Watch this video to calculate what’s the ideal number of units per district manager.

They must have a clear process on how to do this and understand the specific steps they must take to have a positive unit visit. What is this? One that moves the business forward and leaves a favorable impression on the team so that they can carry on your direction in the improvement of that unit.

They also need the skill to do a proper follow-up of the outcomes of that visit because, at the end of the day, the magic is in the follow-up.

 
  1. Create an action plan for change

Having the ability to create an action plan that conducts a transformation of the business units is another critical skill that district managers need to develop.

Because of the distances between the stores, this leader won’t be able to be in all their units daily, and they can only spend a limited amount of time in each one of them, not only conducting an effective unit visit but, if need be, creating an action plan that causes change.

This plan has to be understood by the manager and leader of the unit not as a disciplinary plan but as a way to help develop the crew and guide the team to the next level.

 
  1. Recognize people’s contributions

As leaders of people, district managers must fulfill the needs of their crew members, such as being recognized for their accomplishments. To do so, they need to be:

  • Be self-aware. Meaning that they have to be conscious of who they are as a leader, what their personality is, and what their strengths and weaknesses are. This knowledge will help them lead others.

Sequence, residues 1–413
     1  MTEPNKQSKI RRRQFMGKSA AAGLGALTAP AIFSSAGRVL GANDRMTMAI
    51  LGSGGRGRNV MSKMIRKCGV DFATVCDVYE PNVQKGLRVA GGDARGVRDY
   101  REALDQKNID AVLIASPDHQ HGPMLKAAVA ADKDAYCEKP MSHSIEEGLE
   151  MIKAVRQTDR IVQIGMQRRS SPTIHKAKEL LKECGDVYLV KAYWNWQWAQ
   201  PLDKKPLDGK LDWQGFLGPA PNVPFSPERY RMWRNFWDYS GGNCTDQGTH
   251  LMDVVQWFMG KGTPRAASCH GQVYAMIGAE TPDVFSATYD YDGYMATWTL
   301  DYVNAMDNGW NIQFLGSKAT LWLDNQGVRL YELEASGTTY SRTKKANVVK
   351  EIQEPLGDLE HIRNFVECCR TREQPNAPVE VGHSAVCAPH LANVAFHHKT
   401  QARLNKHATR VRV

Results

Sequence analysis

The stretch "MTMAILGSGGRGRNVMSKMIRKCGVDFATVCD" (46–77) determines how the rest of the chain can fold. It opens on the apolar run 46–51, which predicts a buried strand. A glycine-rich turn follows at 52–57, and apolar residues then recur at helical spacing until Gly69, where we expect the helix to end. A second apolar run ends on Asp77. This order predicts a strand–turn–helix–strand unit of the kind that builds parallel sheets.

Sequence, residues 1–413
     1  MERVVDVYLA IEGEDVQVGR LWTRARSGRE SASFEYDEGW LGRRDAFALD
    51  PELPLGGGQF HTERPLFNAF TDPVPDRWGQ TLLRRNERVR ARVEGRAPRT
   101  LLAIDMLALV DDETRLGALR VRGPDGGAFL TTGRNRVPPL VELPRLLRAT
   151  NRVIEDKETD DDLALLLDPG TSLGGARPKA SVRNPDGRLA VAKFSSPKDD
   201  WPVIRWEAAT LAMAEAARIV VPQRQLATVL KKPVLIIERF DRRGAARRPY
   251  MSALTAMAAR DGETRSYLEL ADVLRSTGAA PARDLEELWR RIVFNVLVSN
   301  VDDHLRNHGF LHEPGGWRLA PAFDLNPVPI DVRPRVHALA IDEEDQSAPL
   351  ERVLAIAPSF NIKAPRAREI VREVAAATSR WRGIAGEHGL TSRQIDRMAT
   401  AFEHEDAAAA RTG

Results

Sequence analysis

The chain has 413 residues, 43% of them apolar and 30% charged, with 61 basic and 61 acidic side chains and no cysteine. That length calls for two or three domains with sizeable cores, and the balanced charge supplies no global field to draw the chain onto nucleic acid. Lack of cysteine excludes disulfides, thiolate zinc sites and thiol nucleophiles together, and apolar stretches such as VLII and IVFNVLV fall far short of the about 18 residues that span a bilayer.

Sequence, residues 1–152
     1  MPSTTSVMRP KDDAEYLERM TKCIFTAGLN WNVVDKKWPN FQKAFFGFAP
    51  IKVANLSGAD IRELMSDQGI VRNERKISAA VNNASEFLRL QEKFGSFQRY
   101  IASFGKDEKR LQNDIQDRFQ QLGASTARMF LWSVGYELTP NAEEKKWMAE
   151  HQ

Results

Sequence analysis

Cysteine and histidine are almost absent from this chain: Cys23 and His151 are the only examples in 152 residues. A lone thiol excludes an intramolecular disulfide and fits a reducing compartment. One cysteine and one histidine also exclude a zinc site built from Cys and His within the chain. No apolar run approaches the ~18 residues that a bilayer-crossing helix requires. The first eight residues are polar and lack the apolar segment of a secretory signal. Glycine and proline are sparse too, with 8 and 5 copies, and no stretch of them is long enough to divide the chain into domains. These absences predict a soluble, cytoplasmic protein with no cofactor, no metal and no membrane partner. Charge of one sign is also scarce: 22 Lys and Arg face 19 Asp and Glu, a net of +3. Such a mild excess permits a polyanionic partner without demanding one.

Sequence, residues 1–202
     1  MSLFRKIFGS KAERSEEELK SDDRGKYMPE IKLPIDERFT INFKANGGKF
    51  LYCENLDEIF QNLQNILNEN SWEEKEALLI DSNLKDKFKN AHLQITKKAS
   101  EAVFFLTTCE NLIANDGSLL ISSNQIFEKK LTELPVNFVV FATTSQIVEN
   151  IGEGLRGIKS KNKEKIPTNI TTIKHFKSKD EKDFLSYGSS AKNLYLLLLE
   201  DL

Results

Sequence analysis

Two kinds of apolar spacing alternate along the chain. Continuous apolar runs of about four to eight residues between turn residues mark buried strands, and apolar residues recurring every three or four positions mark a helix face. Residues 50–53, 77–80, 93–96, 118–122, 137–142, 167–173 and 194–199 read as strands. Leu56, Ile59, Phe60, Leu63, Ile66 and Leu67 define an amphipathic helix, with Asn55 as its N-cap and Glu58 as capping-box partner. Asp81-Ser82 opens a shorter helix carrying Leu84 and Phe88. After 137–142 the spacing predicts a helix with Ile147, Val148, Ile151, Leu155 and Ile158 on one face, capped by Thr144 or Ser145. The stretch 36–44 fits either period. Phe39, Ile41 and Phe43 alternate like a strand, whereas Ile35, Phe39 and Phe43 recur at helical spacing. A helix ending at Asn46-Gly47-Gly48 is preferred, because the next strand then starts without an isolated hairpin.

• Be aware of their people. Just as important, they have to know the people they are going to lead, their strengths, the leadership they are looking for, their weaknesses, how to develop them to the next level, and truly care about them.

These multi-unit leaders need to be focused outside of themselves and focused on the people on the team. The more a district manager forgets that is about them and focuses more on their people, showing them how much they care about them, the more successful they are going to be. 

 

As you can see, ensuring that all of the district manager’s units execute the brand and business systems with a high level of excellence requires a lot of skills. If you are interested to learn how to develop those skills, The American Franchise Academy can help!

We can help your district managers become better leaders with our Multi-Unit Leadership Certification Program. In our upcoming information session, we’ll share what the program is, how we deliver it, and the outcome you can expect at the end of this 10-week program. 

Register for the free information session at DistrictManagerTraining.com 

And don’t forget to follow us on Facebook, Instagram, LinkedIn and subscribe to our YouTube Channel to view the rest of the District Manager’s video series.

 
Reflections:
  • How are your district managers executing your business and brand systems?
  • Are they able to prioritize their multiple responsibilities, or are they always putting out fires?
  • How effective are their unit visits?
  • Are their plans and actions having a positive impact on the business profitability?

 

WATCH THIS VBLOG on YouTube HERE.